BA profits soar, despite T5 and fuel pressures

Despite the troubled opening of Terminal 5, British Airways has announced 'outstanding' profits of £875 million and a revenue increase of 3.1 percent.


Despite the troubled opening of Terminal 5, British Airways has announced 'outstanding' profits of £875 million and a revenue increase of 3.1 percent.

“This is an outstanding financial result for the company despite rising fuel prices and significant economic slowdown in the last six months,” said Willie Walsh chief executive at BA.

“We have achieved our goal of a 10 percent operating margin, which I am delighted has triggered the reward scheme to our staff.” BA's 42,000 staff would receive a share of a £35m bonus fund.

But Walsh said he would not take his bonus because of the airline's failure to move smoothly into Terminal 5 in March.

The troubled move into Heathrow’s Terminal 5 (T5) caused public disgrace both to the airline and Heathrow operator BAA. IT, security, staff access and baggage handling systems all led to delays and chaos in the opening weeks of T5.

“Despite the difficulties of the opening of T5 in the first few days, it is now working well and some two million passengers have gone through it,” he told reporters.

Walsh cited cost savings across the company for the improved revenues.

“Against the backdrop of a progressively tougher trading environment, we have continued to work hard on our cost savings to deliver these strong results,” Walsh said. Total operating costs are down by 0.7 percent to £7.9 billion.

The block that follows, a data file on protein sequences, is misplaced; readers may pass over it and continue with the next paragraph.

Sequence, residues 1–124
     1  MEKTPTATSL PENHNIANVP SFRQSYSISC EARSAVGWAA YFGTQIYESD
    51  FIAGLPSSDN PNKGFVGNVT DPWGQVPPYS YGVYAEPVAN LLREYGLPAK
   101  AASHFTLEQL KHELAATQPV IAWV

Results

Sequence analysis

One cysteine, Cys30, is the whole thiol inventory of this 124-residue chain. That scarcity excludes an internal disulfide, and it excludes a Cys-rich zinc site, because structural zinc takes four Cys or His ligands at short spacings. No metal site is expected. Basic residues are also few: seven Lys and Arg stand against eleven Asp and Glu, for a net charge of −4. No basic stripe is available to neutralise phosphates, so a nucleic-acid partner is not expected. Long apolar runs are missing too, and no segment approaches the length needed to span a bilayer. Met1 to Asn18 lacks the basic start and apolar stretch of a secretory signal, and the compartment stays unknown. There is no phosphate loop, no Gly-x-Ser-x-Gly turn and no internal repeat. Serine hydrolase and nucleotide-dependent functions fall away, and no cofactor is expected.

Technology has played a key role in helping the carrier to remove costs.

Last year, BA implemented an SAP enterprise resource planning system for resource management in its extensive engineering business and an internal employee self-service system for access to online pay.

Its online services, such as, have also provided BA with significant savings. BA's CIO Paul Coby has previously said 60 percent of check-ins at terminal four are now conducted through the internet.

In March, the carrier signed a deal for an airfare analysis software tool that could lead to more than £4.5m in the first year after replacing legacy systems.

But BA must brace for a turbulent year ahead as fuel prices soar. Rising oil prices have had a knock on effect on the airline, which said it uses six million tonnes of jet fuel a year.

“Volatility in the price of oil can have a material impact on our operating results,” a BA statement said. The carrier spent £2bn on fuel last year

BA said it was reviewing its capacity, costs and network to offset economic pressures and rising fuel prices.

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